Hot and dry temperatures across North Texas and much of the rest of the state could lead to even more wildfires this week, even as fire crews fight to contain fires that started Monday.
On July 19, the Texas A&M Forest Service released a statement reading:
“Areas of concern include the eastern Rolling Plains, Cross Timbers, Central Texas, North Texas near the Waco and Dallas-Fort Worth areas and south along the I-35 corridor near the Capital region. The risk for significant fires is also expanding east to include portions of East Texas, including areas near Palestine, Crockett, Huntsville, Tyler and Marshall.”
This month, triple-digit temperatures and weeks of arid conditions have combined to create an increased risk of wildfires.
Interestingly, even thunderstorms added to the threat last week.
Luke Kanclerz, a Texas A&M Forest Service Fire Analyst, stated thunderstorms could make wildfires more likely under these conditions.
“An added complexity to the fire environment … is the potential for thunderstorms. Wildfire ignitions due to lightning [are] possible because of the underlying drought and vegetation dryness. Increased wind speeds from nearby thunderstorms can cause a sudden increase in fire activity, creating safety concerns for firefighters,” Kanclerz stated.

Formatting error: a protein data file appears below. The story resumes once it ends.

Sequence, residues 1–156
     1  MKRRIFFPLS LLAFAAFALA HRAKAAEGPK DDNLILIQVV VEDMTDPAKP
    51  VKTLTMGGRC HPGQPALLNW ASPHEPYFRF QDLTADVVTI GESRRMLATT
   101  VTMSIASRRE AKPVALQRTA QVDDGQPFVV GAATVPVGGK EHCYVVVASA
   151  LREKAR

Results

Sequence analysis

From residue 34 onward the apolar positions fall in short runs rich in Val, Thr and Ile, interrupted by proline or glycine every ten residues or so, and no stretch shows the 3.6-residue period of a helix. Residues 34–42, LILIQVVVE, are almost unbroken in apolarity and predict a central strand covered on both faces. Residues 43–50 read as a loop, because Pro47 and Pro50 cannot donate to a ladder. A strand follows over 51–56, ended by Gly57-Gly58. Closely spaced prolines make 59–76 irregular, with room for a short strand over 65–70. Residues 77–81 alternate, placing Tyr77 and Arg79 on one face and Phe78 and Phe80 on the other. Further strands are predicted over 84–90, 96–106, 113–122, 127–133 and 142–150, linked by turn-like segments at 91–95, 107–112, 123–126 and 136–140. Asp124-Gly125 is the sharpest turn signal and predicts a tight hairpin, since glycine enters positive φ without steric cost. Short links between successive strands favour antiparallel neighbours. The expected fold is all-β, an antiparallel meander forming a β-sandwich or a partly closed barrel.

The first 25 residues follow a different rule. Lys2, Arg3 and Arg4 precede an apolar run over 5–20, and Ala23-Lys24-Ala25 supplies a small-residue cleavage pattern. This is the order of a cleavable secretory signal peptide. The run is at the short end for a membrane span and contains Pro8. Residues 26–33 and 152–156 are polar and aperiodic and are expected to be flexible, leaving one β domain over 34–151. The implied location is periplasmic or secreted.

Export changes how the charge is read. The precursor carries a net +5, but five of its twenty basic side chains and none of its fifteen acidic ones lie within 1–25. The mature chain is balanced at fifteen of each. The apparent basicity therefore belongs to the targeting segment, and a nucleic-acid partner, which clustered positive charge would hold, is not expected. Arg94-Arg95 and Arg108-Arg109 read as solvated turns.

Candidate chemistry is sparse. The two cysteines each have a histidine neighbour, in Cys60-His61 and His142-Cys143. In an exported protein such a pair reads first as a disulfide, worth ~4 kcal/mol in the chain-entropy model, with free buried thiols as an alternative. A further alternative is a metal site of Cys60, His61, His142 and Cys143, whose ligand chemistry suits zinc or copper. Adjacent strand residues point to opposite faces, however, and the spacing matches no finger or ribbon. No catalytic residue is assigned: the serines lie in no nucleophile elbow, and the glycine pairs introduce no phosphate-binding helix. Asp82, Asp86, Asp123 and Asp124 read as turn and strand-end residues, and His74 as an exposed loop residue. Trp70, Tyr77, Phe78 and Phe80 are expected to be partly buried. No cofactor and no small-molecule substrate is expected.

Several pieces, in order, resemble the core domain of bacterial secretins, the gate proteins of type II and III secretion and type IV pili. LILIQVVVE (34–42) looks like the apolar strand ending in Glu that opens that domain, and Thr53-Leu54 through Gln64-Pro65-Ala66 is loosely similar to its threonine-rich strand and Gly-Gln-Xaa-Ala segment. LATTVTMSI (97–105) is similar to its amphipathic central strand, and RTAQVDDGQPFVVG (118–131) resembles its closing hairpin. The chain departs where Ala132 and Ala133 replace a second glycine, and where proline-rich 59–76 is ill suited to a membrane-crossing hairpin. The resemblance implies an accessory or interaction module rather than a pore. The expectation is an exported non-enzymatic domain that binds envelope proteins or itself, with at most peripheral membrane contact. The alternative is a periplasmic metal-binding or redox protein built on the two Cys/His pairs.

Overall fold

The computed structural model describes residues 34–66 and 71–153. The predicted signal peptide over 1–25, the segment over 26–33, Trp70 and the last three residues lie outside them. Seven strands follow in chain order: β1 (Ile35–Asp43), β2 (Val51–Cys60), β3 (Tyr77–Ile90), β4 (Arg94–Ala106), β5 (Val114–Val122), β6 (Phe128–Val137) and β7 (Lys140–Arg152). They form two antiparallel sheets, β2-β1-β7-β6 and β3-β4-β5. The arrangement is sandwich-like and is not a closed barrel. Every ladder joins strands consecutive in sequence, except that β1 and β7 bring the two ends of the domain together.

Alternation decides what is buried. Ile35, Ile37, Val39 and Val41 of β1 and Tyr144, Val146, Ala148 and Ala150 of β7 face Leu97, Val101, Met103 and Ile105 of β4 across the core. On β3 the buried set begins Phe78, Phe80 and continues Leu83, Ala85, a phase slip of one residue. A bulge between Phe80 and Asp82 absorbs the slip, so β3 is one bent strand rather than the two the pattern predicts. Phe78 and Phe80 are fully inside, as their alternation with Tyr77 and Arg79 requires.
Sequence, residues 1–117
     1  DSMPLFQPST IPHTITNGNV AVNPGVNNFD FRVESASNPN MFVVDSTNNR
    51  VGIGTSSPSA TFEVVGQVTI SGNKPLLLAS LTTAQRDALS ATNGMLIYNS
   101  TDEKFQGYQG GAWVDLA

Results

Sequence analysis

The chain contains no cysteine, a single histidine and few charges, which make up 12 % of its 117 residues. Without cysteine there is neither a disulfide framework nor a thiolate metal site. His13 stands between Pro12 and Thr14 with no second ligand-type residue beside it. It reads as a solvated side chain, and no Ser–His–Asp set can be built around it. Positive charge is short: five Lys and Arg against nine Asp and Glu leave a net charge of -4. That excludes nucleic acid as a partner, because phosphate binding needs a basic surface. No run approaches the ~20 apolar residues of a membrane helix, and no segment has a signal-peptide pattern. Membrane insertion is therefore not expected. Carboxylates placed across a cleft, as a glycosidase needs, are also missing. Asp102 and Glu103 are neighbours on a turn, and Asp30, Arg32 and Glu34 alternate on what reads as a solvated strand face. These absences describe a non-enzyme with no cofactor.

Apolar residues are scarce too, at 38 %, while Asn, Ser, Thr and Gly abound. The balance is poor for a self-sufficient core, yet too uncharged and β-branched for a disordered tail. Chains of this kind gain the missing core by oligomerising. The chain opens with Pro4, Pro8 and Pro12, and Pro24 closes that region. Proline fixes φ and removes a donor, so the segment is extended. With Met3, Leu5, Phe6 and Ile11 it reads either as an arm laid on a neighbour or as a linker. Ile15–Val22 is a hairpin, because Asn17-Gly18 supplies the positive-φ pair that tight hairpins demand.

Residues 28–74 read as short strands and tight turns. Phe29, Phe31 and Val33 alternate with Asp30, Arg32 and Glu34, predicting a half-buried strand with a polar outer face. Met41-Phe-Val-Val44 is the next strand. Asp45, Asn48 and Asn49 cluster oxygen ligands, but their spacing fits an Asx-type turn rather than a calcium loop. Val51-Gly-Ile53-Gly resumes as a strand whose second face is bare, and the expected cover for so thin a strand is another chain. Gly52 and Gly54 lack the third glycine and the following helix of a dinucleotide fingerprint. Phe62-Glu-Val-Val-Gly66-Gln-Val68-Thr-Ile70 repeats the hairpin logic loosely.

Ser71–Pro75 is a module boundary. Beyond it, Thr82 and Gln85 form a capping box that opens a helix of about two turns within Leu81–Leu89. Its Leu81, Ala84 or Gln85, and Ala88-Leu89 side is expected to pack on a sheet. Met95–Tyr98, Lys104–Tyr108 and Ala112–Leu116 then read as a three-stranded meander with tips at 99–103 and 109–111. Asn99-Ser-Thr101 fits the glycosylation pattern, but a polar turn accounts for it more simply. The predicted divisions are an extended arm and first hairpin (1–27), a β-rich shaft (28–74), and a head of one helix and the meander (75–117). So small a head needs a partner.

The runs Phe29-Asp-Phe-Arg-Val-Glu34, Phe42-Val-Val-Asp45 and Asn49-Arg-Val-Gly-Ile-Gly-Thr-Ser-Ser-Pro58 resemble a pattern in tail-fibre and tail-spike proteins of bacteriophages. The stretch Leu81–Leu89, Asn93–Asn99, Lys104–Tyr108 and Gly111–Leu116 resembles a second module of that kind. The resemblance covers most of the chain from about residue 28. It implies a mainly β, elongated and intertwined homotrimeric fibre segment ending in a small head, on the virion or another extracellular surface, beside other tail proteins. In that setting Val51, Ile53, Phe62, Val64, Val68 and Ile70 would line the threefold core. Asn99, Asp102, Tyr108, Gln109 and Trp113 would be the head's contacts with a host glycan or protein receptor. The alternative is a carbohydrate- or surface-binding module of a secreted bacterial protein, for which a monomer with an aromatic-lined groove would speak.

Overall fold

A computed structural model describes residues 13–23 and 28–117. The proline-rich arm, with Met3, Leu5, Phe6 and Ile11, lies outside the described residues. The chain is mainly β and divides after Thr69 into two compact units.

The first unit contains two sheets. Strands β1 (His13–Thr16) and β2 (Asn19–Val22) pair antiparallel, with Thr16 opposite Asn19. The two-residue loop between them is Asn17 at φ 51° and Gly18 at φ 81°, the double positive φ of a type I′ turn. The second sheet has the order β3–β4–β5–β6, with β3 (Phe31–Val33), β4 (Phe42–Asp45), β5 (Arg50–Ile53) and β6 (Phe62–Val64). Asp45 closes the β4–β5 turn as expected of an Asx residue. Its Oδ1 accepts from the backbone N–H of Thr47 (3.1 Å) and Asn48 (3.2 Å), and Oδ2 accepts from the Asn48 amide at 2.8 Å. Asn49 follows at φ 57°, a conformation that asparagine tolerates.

The Texas A&M Forest Service is prepared with equipment and personnel on standby across the state. This will allow them to respond effectively and quickly to any possible wildfires.
Fire task forces and suppression equipment are stationed around Uvalde, Fort Stockton, Fredericksburg, Beeville, and Amarillo, among others.
Texas A&M Forest Service Fire Chief, Wes Moorehead, stated recent wildfires have taken more time to contain.
“With persistent hot and dry conditions as well as an intensifying drought, many recent wildfires have required more time and resources to fully contain,” Moorehead said. “The job of our state and local firefighters becomes more difficult and dangerous under these circumstances, and we need Texans to be cautious of any activity that causes sparks and may ignite a wildfire.”
Between July 8 and July 10, the Texas A&M Forest Service responded to 43 new wildfires, according to the agency’s announcement. On July 13, Texas A&M Forest Service recorded 16 recent fires, which burned over 600 acres. And this Monday, July 18, it clocked 18 new fires.
A spokesperson for Texas A&M Forest Service, Adam Turner, spoke to NBC 5 on July 8 about the Hardcastle Fire and the burn bans issued by counties across the state. Turner said this year is close to breaking the record number of wildfires in 2011, when over 3,000 fires burned almost 3 million acres.
“This will definitely be a record book year,” Turner told NBC 5.
Turner stated that burn bans would stay in effect and are vital during fire seasons.
“Texas has been a focal point of this year for wildland fire,” he said. “It will continue to be. We are in a major fire season for Texas, so we will have the resources to respond. It just will be a continued effort until it rains significantly.”